Research from the Pew Research Center study reveals a high remarriage rate for those 55 and older—67% between the ages 55 and 64 remarry. Some of the high remarriage percentage may be due to increasing life expectancies or the death of a spouse. In addition, divorces are increasing for older people who may have decided that, with the children grown, they want to go their separate ways.

It’s important to note that although 50% of first marriages end in divorce, that number jumps to 67% of second marriages and 80% of third marriages end in divorce.

So if you’re remarrying, you should think about starting out with a prenuptial agreement. This type of agreement is made between two people prior to marriage. It sets out rights to property and support, in case there’s a divorce or death. Both parties must reveal their finances. This is really helpful, when each may have different income sources, assets and expenses.

You should discuss whose name will be on the deed to your home, which is often the asset with the most value, as well as the beneficiary designations of your life insurance policies, 401(k)s and individual retirement accounts.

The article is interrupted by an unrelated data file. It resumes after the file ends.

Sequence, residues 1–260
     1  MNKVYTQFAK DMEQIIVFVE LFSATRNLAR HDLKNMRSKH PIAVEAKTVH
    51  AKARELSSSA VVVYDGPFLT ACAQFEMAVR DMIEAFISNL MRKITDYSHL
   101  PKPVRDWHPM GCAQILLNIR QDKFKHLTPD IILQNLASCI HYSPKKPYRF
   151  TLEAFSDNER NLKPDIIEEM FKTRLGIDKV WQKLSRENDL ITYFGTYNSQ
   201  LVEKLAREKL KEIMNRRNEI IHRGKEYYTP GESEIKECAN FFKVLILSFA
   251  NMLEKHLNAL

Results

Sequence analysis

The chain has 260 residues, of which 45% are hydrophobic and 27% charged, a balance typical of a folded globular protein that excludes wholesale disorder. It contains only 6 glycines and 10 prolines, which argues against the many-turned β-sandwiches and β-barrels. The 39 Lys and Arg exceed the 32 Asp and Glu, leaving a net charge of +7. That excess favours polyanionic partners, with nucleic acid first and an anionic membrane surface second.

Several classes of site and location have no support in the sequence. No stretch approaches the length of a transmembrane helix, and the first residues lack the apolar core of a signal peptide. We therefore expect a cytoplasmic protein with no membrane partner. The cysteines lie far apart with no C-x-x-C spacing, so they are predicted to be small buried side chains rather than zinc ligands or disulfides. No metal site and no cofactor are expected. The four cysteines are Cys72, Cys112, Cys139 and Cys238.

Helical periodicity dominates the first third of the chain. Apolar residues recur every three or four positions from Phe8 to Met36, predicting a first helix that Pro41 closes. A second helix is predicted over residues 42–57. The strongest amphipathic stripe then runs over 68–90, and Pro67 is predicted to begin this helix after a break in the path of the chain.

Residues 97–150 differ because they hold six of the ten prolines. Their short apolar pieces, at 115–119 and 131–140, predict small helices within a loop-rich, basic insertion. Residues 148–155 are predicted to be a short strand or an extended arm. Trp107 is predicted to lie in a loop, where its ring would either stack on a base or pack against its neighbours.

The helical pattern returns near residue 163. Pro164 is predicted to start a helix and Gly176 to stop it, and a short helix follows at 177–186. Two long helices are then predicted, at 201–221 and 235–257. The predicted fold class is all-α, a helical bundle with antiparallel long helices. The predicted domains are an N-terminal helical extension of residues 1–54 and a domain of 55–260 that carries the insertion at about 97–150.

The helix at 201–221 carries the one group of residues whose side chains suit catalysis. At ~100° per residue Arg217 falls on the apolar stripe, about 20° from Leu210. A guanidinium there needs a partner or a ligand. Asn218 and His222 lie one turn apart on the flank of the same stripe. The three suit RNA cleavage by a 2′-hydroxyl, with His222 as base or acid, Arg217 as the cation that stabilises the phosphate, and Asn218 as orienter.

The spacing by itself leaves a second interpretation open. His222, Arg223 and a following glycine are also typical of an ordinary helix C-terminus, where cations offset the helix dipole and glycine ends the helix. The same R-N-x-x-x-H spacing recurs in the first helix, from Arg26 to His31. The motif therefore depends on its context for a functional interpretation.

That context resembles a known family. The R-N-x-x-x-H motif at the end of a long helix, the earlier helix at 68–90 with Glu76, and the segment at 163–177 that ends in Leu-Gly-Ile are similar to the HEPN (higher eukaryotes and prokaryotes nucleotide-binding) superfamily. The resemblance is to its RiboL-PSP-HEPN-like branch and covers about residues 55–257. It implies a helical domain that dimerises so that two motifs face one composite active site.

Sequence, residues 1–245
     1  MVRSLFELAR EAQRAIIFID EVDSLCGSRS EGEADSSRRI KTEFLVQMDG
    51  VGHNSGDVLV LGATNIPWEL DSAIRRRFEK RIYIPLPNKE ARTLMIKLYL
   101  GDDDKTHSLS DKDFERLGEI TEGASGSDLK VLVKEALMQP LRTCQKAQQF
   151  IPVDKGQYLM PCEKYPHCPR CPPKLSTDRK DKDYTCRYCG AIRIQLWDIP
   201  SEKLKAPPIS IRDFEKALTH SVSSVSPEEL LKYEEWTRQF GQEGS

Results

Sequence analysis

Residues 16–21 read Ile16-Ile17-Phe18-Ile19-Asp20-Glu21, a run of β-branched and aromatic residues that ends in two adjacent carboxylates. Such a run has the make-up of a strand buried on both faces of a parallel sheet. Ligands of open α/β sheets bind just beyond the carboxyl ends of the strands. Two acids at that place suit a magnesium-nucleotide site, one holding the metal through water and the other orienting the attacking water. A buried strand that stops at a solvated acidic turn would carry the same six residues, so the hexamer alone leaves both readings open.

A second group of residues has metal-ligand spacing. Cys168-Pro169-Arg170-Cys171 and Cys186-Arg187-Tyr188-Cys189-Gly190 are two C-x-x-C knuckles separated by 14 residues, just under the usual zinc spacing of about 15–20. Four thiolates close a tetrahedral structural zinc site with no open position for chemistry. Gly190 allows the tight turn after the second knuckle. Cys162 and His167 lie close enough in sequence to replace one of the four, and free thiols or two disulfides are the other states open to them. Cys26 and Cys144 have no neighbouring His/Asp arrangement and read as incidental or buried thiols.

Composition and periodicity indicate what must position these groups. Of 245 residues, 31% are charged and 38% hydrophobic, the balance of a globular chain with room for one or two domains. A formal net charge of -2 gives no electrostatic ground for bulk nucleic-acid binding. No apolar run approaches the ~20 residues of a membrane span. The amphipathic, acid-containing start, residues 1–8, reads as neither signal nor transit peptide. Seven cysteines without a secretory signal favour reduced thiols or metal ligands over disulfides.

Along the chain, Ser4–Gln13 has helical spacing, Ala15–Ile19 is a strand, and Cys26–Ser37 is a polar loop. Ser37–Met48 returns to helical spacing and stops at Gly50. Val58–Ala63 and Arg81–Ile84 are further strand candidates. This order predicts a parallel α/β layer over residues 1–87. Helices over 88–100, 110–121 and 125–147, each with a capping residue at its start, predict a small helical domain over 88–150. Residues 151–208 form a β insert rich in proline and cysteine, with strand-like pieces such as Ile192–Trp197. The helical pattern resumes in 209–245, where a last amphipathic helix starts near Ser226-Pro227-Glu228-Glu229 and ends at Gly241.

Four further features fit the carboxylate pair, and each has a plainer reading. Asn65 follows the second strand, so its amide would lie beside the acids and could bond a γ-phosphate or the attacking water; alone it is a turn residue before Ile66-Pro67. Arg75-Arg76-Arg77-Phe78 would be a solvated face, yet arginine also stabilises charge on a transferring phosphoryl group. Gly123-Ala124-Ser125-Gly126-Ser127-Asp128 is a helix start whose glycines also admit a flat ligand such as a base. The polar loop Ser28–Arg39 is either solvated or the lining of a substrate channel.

It is also important to review the agents under your health care directives and financial powers of attorney. Ask yourself if you truly want your stepchildren in any of these agent roles, which may include “pulling the plug” or ending life support.

Talk to an experienced estate planning attorney about these important documents that you’ll need, when you say “I do” for the second (or third) time.

Reference: Pittsburgh Post-Gazette (February 24, 2019) “You’re in love again, but consider the legal and financial issues before it’s too late”